Firstly defining tortious liability is a good start - also which client are you going to represent?
I would imagine (or at least hope) that in the real world the case would be thrown out immediately, on the basis that when Fred/Fifi dropped the towel, they had no reason to believe it would pose a hazard to anyone
Secondly Marco was trespassing
Thirdly he would've seen the wet towel as he came up the stairs, so I imagine a good lawyer could argue that he knew of the towel's existence and his tripping was due to Fifi screaming, not of the obstruction being in a deviously-placed location.

On Marco's side I guess you would argue the towel was in a public passage (assuming it was on top of the stairs), and so carelessness like that before a party (when Fred knew extra people would be in the house) was negligent
Secondly if Marco was financially put out by the incident that would lend weight to him, ie if he is self-employed, can't do his job, needs to hire someone to help him around, whatever
Thank you!!
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Architecture-er
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(Original post by Miawatson2)
Thank you!!
No probs ^^

Not a law student though (before you copy me verbatim), I studied tortious liability through the construction lens - but hopefully it helps you pry it open
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yastyb
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What this learned person has told you is correct, in the abstract. Don't forget however that those were very general guidelines. I think it would be more appropriate to take the correct propositions that Architectuer-er has given you and look over the 84 act and relevant case law. There are some constitutive elements attractive of liability which you must be more 'on-point' about. An example would be how much knowledge should the person have and whether it could be expected that the trespasser would trespass at that particular time. Also make sure you identify the different factors pertaining to each category of liability. In your case it would be whether the duty arose and if so, whether there was a breach. Another example is to attempt to be more precise than 'he had no reason to believe', but only in terms of legal jargon. Otherwise, what Architectuer-er is great for a non-law student. He in fact gave you that disclaimer before engaging the question.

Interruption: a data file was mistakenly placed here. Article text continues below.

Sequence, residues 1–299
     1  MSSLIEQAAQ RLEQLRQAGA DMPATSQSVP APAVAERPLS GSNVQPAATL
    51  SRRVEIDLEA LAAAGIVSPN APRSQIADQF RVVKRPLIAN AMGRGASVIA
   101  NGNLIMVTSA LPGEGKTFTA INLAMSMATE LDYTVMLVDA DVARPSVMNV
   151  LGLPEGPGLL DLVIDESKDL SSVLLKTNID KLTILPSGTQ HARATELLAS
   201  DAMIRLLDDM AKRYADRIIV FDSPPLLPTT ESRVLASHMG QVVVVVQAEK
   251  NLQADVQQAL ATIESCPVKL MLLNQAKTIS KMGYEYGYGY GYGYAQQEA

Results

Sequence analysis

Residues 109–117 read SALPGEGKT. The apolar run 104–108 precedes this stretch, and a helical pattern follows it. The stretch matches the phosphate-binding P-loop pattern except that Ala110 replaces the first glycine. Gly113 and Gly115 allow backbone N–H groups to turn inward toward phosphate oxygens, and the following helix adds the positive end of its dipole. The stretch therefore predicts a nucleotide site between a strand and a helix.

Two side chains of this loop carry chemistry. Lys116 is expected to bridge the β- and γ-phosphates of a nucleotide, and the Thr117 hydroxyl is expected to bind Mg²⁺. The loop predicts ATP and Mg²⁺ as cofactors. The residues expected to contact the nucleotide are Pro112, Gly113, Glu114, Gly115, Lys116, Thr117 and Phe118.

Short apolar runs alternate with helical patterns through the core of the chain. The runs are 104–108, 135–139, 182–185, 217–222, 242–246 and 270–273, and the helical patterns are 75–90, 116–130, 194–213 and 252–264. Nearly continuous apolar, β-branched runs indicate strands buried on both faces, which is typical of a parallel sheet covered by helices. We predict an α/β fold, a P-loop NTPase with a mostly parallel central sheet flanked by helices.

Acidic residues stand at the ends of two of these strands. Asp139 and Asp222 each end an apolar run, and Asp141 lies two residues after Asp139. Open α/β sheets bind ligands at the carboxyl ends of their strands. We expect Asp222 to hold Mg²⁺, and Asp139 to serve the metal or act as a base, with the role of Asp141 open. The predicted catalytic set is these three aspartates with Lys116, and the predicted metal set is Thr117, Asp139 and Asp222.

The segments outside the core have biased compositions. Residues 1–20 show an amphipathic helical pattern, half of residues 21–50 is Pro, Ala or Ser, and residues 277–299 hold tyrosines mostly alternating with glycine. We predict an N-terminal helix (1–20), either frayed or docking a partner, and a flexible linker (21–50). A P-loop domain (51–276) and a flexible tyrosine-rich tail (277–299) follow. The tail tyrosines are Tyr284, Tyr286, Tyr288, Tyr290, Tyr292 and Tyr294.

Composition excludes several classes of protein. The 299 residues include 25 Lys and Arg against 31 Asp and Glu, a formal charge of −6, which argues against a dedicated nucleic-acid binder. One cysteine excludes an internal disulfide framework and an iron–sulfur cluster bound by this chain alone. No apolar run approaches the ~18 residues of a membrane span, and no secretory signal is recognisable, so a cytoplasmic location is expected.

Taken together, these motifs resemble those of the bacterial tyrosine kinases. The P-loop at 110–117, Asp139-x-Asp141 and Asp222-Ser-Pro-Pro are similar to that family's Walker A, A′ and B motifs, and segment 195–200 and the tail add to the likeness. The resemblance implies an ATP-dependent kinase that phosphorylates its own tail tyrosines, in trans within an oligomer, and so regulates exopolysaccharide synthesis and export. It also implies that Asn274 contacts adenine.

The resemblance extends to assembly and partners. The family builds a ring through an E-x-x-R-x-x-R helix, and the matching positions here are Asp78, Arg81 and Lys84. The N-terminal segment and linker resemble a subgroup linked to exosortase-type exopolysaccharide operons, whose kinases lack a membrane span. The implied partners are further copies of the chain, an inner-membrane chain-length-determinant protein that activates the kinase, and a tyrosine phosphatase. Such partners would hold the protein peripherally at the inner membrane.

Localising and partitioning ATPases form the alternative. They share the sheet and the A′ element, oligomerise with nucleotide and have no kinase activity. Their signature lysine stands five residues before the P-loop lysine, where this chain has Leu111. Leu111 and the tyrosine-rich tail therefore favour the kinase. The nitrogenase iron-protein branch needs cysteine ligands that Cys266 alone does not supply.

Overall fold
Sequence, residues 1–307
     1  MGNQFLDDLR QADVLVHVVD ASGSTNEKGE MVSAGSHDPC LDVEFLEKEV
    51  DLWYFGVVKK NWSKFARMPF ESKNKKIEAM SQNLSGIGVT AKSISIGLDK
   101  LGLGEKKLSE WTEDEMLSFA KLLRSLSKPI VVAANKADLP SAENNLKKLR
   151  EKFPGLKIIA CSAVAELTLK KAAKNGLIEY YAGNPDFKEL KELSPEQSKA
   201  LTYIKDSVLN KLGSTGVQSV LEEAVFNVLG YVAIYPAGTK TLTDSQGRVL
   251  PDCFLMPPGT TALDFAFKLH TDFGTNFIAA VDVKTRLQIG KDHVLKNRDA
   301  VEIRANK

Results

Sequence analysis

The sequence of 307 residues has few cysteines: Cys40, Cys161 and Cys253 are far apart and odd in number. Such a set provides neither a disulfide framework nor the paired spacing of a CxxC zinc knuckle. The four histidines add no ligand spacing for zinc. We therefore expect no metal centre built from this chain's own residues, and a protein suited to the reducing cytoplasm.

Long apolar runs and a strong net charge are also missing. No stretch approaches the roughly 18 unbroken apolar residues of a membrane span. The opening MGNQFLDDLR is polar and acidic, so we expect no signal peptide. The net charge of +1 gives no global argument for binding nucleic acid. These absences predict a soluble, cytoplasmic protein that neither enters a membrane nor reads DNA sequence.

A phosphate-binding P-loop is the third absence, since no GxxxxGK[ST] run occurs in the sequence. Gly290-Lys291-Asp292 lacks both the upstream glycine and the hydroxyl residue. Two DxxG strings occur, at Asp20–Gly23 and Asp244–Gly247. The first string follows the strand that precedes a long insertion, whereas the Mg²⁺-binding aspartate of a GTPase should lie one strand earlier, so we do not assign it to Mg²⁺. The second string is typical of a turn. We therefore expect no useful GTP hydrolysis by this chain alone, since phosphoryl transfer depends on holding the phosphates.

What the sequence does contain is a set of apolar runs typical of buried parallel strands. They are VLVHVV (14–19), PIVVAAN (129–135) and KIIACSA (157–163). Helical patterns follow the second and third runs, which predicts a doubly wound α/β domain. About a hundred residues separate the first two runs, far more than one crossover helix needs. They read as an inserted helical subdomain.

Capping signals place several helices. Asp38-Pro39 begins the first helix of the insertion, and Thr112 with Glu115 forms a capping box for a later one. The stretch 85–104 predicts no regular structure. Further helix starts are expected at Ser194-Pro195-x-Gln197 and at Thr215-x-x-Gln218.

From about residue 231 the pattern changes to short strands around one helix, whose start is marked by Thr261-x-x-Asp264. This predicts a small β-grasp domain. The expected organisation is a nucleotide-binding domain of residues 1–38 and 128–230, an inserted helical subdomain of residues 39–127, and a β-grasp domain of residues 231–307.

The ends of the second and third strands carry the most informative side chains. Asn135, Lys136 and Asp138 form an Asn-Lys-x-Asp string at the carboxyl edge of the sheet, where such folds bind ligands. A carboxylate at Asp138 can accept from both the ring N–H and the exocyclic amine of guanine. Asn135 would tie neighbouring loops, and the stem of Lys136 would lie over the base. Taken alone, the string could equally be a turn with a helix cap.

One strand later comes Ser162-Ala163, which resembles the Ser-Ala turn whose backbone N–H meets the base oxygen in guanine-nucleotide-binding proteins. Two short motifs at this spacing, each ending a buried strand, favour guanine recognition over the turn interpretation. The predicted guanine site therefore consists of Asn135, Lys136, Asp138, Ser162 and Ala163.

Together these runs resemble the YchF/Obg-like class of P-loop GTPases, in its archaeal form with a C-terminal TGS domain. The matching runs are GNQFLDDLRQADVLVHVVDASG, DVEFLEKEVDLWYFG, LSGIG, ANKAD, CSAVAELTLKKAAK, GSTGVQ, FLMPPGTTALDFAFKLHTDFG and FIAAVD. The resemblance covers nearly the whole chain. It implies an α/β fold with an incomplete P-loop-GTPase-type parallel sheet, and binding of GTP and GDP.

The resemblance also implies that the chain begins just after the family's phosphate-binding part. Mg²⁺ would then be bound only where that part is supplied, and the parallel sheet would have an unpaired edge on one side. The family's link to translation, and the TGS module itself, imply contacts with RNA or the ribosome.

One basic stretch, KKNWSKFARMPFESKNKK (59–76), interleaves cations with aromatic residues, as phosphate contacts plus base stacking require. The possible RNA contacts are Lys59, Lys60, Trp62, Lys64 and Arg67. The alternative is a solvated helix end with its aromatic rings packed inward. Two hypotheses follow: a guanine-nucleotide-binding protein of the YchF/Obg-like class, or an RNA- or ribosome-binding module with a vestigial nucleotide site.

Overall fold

Good Luck!
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Miawatson2
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(Original post by yastyb)
What this learned person has told you is correct, in the abstract. Don't forget however that those were very general guidelines. I think it would be more appropriate to take the correct propositions that Architectuer-er has given you and look over the 84 act and relevant case law. There are some constitutive elements attractive of liability which you must be more 'on-point' about. An example would be how much knowledge should the person have and whether it could be expected that the trespasser would trespass at that particular time. Also make sure you identify the different factors pertaining to each category of liability. In your case it would be whether the duty arose and if so, whether there was a breach. Another example is to attempt to be more precise than 'he had no reason to believe', but only in terms of legal jargon. Otherwise, what Architectuer-er is great for a non-law student. He in fact gave you that disclaimer before engaging the question.

Good Luck!
Okay, thank you very much